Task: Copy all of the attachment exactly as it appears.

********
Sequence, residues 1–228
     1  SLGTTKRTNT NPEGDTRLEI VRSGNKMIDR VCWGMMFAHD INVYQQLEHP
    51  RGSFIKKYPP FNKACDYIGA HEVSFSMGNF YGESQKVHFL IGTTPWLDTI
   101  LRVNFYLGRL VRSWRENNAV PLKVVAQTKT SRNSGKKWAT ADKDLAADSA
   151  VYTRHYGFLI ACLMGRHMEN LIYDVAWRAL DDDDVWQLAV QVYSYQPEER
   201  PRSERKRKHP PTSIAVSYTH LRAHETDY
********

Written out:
Sequence, residues 1–228
     1  SLGTTKRTNT NPEGDTRLEI VRSGNKMIDR VCWGMMFAHD INVYQQLEHP
    51  RGSFIKKYPP FNKACDYIGA HEVSFSMGNF YGESQKVHFL IGTTPWLDTI
   101  LRVNFYLGRL VRSWRENNAV PLKVVAQTKT SRNSGKKWAT ADKDLAADSA
   151  VYTRHYGFLI ACLMGRHMEN LIYDVAWRAL DDDDVWQLAV QVYSYQPEER
   201  PRSERKRKHP PTSIAVSYTH LRAHETDY